We wanted this to feel like the movies. We wanted to feel like we were hired to do the direct sequel to the original film. So in terms of look, feel, and tone, that’s what we’re shooting for. It’s very much a team book and we’ve got all the main players here. Luke, Han, Leia, Chewie, the droids, and Darth Vader all get big moments in this first arc, and that’s our core cast going forward. I do want to be able to use Obi-Wan Kenobi. I’ve always liked the old Ben Kenobi version of Obi-Wan, so we will see him in some capacity.

I always get worried when people say these sorts of things, as they so very, very rarely deliver. But I’m forcing myself to have an open mind, so we’ll see what happens…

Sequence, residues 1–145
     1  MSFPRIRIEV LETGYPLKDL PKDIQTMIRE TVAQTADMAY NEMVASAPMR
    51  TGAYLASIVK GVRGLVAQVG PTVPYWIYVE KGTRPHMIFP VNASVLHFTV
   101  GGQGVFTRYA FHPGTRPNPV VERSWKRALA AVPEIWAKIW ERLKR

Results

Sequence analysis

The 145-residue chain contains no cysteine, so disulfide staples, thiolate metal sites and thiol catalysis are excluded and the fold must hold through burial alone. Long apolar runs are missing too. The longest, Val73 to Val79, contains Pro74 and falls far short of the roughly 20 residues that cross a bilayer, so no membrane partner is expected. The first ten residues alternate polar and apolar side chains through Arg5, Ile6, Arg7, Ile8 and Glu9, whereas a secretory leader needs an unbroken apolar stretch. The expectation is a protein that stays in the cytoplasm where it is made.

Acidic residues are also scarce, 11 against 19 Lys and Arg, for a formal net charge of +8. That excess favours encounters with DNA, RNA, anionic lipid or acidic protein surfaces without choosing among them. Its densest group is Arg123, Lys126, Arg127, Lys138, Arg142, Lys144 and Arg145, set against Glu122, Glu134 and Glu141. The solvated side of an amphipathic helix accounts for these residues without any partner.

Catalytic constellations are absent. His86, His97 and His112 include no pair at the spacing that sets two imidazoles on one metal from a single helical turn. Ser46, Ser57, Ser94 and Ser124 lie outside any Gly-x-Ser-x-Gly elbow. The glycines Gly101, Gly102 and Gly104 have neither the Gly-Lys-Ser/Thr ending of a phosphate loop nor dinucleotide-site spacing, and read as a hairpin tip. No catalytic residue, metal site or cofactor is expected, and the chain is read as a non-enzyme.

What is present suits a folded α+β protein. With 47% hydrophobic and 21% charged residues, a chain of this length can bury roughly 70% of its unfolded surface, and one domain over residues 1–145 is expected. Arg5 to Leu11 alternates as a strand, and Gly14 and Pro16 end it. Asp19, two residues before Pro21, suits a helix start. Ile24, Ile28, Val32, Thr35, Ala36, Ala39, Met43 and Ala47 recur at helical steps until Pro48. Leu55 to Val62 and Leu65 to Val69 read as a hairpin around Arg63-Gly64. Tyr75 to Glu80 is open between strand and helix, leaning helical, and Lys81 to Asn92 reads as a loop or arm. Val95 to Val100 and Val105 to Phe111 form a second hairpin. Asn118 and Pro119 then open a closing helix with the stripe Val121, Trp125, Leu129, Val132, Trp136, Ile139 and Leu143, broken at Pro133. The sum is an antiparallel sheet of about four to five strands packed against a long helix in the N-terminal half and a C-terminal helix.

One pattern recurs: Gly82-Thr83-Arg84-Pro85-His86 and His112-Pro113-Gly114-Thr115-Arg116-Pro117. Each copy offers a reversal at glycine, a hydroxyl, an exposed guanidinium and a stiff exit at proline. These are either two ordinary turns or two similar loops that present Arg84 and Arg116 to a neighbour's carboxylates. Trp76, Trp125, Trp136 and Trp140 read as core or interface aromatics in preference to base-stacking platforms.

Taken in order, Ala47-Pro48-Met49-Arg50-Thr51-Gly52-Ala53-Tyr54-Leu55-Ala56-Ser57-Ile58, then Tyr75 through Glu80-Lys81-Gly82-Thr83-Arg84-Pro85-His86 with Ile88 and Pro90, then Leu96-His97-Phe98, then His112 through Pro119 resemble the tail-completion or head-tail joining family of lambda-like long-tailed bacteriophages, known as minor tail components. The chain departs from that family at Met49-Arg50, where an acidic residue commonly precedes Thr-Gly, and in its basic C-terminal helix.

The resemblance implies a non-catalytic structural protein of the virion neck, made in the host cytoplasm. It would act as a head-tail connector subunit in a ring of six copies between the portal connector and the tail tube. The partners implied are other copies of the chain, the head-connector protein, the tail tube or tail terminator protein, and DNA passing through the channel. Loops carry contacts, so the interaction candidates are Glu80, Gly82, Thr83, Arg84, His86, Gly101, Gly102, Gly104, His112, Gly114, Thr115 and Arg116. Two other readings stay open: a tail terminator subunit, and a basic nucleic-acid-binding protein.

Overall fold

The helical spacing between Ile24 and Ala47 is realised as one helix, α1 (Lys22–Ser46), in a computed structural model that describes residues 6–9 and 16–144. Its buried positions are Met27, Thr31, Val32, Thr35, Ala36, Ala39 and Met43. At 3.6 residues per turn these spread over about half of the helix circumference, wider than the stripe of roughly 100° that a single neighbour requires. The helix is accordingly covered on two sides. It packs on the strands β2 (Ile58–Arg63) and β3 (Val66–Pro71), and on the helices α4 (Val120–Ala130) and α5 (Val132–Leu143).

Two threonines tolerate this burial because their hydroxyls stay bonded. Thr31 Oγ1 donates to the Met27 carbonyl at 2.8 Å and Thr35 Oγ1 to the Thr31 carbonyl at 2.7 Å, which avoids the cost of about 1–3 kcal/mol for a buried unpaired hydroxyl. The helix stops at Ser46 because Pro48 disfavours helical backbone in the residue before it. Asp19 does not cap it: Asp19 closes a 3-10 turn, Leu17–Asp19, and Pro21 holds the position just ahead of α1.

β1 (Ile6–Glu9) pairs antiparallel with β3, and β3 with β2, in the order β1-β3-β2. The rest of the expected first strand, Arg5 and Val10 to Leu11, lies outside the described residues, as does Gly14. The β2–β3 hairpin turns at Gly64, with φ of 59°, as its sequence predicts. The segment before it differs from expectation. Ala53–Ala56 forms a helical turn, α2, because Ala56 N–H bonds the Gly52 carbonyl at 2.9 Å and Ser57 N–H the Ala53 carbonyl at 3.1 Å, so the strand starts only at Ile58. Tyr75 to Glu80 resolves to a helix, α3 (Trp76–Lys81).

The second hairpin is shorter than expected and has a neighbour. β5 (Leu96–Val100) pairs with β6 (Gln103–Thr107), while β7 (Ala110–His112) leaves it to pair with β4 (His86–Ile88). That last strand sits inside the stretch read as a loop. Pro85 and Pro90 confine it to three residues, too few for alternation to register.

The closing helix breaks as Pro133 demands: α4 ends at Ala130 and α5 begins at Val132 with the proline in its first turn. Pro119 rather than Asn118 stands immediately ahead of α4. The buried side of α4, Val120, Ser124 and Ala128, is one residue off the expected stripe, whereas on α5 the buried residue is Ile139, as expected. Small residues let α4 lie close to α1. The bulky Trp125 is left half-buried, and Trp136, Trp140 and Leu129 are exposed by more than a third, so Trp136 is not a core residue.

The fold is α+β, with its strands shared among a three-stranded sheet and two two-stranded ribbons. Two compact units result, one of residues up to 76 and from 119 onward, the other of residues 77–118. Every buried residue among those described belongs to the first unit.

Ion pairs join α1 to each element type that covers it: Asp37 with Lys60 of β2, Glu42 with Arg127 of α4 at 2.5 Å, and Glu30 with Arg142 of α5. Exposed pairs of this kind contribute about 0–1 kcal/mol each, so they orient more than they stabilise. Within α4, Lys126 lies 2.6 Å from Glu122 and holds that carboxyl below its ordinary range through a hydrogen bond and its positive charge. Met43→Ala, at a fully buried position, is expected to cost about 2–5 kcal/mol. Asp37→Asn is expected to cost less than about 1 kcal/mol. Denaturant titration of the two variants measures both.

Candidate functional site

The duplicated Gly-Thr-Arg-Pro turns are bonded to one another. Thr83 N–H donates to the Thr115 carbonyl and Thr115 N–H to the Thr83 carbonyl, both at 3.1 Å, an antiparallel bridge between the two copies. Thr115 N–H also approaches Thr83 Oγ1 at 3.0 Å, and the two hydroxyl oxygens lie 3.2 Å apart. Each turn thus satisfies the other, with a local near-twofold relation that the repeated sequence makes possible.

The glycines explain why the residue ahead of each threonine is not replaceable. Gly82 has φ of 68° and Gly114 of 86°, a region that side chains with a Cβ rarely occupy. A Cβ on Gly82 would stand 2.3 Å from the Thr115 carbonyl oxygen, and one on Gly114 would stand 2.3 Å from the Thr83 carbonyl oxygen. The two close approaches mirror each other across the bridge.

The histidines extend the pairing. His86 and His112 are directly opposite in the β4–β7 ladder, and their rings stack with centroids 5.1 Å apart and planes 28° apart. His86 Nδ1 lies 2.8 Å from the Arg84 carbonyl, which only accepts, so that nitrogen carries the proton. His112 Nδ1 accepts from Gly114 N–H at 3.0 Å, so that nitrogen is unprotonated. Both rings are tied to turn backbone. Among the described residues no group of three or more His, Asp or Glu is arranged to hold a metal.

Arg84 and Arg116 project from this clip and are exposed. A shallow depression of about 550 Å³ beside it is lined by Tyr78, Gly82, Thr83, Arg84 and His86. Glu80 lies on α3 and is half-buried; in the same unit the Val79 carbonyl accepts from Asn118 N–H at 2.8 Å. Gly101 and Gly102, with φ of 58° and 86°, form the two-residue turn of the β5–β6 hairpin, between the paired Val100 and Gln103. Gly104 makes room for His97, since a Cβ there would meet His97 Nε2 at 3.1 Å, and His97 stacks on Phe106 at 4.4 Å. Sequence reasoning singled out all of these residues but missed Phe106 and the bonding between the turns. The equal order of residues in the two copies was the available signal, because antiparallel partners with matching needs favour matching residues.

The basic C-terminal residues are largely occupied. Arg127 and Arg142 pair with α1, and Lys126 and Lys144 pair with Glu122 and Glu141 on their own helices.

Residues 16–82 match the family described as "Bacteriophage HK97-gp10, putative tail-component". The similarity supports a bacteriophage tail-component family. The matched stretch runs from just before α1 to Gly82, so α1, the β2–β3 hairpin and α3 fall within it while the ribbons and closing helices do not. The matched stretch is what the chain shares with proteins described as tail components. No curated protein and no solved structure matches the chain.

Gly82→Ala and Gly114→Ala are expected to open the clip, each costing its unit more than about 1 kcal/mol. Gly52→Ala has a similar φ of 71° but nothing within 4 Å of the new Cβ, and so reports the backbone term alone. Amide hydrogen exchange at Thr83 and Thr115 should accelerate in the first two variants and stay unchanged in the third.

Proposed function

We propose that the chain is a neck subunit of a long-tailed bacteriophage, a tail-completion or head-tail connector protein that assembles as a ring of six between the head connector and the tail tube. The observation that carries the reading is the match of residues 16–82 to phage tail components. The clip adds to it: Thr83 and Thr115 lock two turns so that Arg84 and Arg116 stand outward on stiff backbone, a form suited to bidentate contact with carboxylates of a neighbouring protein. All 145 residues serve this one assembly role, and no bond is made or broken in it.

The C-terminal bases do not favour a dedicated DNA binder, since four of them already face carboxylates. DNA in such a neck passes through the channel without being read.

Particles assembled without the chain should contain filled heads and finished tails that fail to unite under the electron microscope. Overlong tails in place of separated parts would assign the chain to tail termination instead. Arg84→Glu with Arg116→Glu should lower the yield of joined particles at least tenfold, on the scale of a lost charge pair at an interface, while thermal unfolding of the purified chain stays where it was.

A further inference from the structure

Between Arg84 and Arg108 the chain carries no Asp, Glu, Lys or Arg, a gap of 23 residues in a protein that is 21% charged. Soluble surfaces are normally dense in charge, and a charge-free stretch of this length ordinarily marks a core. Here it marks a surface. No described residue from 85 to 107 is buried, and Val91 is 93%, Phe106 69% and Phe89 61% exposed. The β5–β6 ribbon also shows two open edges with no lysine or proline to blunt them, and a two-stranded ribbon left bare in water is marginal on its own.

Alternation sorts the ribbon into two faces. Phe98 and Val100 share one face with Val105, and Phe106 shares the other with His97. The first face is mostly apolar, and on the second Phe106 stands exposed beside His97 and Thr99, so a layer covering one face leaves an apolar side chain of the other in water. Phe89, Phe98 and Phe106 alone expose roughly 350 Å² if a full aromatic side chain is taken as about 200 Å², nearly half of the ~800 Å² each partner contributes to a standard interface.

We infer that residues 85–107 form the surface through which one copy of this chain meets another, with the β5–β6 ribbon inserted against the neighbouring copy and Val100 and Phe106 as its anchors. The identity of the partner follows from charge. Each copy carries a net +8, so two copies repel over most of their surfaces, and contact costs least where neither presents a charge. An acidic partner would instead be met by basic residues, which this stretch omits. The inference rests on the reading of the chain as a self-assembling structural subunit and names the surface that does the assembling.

There will be “new stuff”, in terms of the comic universe, but there are also hints that we might be seeing stuff from the upcoming movie, which is an interesting idea. I imagine, though, that we won’t know it at the time. Unfortunately, the question of reviving Legends material was not broached. However, all three of these books will be crossing over at some point – particularly the Vader title with the ongoing series – in true Marvel fashion. That should be good for now, but could prove to be a nightmare in the future (if House of M was anything to go by…)

But still, I feel fairly excited about these upcoming stories now. While it’s a bit difficult, because it’s not going to be the Star Wars that I know and love, I’m still trying to keep an open mind, so have a cautious curiosity about it all…

Just, please, give us Mara Jade back!